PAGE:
<p>There are two places where you have to use LANG: when you're compiling the MUSH (in order to compile the message translation files) and when you start up the MUSH (in order to set the locale for the running server).</p>
<h1 id="current-state">Current State</h1>
<p>Nobody currently owns the translation project and the translation files have not been updated in years. There might be many examples of messages that are not included in the available listings. If youre interested in taking over the project, contact the dev team!</p>
<p>Nobody currently owns the translation project and the translation files have not been updated in years. There might be many examples of messages that are not included in the available listings. If you're interested in taking over the project, contact the dev team!</p>
<h1 id="compiling-the-mush">Compiling the MUSH</h1>
<p>Files with messages for translation are included with the source code in pennmush/po; they have the .pox extension. You can get the very latest versions of these files from the PennMUSH Git repository.</p>
<p>These files have to be compiled to an efficient internal form before starting up the mush. This means you should set your LANG environment variable before you compile your server.</p>
<p>To do this using the common bash shell, <code>export LANG=en_US</code>, or whatever your setting is. If that doesnt work, consult the documentation for the shell youre using.</p>
<p>To do this using the common bash shell, <code>export LANG=en_US</code>, or whatever your setting is. If that doesn't work, consult the documentation for the shell you're using.</p>
<p>The message files are compiled during the <code>make install</code> step, which runs 1make localized1 in the the po directory. (Technically, a pox file for your LANG is merged with <code>po/pennmush.pot</code> to produce a po file for your LANG, and then that is compiled into <code>po/&lt;LANG&gt;/LC_MESSAGES/pennmush.mo</code>, which is loaded by the server.)</p>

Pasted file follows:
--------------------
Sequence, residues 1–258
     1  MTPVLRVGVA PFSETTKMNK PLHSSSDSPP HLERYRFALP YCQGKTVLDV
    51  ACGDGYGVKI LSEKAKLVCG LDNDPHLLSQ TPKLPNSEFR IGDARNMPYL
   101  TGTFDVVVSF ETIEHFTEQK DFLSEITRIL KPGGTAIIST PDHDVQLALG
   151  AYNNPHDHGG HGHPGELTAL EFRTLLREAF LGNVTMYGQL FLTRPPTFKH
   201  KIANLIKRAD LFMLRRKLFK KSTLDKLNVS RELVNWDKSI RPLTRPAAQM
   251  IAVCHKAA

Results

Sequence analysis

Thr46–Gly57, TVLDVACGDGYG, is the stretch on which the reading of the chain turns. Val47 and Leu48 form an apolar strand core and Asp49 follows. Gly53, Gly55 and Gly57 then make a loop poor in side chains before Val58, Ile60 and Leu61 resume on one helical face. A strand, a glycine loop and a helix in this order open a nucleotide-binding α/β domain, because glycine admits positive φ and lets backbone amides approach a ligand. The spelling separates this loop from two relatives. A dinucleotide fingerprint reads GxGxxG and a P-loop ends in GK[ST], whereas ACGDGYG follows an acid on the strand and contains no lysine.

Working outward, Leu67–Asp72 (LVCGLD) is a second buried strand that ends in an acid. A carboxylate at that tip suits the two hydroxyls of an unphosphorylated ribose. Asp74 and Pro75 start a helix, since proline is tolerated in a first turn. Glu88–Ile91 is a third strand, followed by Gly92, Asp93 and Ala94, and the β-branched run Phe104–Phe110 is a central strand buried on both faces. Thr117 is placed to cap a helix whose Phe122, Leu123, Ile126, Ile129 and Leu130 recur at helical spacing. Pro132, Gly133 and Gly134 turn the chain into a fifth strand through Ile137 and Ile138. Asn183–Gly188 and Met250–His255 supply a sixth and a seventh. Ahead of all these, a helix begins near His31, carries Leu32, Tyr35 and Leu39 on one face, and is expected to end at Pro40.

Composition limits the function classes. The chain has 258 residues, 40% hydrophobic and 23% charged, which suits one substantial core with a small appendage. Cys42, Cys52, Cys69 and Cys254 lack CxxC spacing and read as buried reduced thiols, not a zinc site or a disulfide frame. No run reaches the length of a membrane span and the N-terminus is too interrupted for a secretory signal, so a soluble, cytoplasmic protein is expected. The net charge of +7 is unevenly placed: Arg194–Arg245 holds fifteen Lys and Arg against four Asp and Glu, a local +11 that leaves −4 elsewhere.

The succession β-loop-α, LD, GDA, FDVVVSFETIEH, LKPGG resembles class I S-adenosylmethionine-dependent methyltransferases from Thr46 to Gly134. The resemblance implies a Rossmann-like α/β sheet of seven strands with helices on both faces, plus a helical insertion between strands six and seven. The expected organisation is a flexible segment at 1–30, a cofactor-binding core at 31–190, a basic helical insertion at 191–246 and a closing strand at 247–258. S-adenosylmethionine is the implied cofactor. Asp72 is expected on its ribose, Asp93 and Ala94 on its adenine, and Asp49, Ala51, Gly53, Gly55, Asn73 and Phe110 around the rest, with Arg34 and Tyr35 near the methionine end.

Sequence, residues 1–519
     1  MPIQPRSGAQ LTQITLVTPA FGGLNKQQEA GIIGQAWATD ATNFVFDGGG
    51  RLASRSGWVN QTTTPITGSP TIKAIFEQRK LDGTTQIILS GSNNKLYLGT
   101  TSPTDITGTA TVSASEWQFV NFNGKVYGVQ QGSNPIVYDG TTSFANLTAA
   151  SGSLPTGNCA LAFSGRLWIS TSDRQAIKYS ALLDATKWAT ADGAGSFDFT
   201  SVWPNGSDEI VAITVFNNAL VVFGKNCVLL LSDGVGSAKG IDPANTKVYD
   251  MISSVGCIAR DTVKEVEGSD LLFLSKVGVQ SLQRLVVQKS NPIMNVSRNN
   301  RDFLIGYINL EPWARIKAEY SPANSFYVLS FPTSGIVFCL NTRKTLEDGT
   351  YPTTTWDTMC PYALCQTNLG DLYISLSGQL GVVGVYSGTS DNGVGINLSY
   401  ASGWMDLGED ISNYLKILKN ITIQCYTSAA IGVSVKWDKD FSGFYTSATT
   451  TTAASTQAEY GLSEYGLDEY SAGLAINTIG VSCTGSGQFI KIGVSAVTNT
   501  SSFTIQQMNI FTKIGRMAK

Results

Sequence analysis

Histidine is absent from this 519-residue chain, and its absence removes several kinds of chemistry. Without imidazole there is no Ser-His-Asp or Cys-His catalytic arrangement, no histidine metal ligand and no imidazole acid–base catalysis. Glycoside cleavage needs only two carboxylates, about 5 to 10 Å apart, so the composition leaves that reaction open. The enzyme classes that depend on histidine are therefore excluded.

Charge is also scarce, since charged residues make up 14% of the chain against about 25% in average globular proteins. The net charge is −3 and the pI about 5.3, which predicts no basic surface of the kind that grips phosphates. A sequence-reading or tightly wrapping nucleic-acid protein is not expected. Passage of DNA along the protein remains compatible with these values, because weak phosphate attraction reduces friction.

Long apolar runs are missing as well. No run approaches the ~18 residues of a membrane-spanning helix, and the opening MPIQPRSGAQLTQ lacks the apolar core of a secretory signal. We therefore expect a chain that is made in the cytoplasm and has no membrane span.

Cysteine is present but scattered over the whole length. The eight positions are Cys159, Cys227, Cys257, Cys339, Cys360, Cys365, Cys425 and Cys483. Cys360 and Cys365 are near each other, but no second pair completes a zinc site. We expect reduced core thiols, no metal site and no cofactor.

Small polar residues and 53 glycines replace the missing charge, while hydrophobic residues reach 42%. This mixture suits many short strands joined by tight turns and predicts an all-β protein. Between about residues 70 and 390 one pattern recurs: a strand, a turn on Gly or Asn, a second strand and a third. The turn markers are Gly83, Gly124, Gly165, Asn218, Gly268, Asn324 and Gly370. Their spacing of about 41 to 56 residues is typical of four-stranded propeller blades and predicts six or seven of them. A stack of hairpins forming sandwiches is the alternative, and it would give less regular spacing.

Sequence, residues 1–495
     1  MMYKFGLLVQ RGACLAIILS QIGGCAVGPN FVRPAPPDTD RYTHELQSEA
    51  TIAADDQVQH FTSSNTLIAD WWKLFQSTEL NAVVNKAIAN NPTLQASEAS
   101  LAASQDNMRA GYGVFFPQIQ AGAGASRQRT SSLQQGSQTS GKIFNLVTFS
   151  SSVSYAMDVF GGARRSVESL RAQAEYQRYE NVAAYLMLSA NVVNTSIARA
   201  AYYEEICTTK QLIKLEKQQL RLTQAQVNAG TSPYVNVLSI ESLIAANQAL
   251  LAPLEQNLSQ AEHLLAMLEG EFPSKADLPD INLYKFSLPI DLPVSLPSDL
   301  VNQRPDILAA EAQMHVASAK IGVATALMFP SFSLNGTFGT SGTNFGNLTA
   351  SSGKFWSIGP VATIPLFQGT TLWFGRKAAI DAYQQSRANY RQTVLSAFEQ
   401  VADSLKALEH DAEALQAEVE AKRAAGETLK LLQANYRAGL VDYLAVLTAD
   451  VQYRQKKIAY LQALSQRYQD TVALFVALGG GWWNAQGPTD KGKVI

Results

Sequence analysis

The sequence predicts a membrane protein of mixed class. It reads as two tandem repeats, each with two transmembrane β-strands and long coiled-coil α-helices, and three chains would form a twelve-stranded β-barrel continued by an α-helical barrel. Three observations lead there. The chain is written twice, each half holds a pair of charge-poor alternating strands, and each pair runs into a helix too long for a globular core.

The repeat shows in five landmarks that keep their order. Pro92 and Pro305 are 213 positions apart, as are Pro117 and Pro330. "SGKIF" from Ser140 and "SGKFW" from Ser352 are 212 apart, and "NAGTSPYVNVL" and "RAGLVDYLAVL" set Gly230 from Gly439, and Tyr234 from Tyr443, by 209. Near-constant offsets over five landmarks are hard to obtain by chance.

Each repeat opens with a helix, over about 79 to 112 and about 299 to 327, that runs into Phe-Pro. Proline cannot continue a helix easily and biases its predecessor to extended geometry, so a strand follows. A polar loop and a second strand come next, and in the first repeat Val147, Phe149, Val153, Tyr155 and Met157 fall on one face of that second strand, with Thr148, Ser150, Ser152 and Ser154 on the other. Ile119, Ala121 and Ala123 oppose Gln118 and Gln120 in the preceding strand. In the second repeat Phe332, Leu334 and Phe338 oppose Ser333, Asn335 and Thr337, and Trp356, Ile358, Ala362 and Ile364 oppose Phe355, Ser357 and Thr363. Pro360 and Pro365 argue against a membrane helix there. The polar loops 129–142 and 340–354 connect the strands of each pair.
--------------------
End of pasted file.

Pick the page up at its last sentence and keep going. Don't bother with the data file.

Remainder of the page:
<p>You can disable translation support entirely if so desired by passing <code>--disable-nls</code> to the configure script.</p>
<h1 id="starting-up-the-mush">Starting up the MUSH</h1>
<p>The LANG environment variable that controls what language the mush uses is normally set in the pennmush/game/restart script. Theres an example for using French in the script already that can be used as a starting point.</p>
<p>Your server account might be set up with a non-english language as the default. If so, and you dont set LANG in the restart script, that default language will be used.</p>
<p>The LANG environment variable that controls what language the mush uses is normally set in the pennmush/game/restart script. There's an example for using French in the script already that can be used as a starting point.</p>
<p>Your server account might be set up with a non-english language as the default. If so, and you don't set LANG in the restart script, that default language will be used.</p>
<p>You may also wish to change the <code>only_ascii_in_names</code> config option in mush.cnf, to allow accented characters in object names.</p>
<h1 id="development">Development</h1>
<p>Generally, the rules that the devteam use to decide what strings should be made translatable in the source code (tagged with T()) are:</p>
@@ -55,8 +55,8 @@ <h1 id="development">Development</h1>
<li>panic messages</li>
<li>very technical output like <code>@list alloc</code> and <code>@stats/table</code></li>
</ul></li>
<li>dont tag log messages with <code>T()</code></li>
<li><p>dont tag console messages with <code>T()</code></p></li>
<li>don't tag log messages with <code>T()</code></li>
<li><p>don't tag console messages with <code>T()</code></p></li>
</ul>
</body>
</html>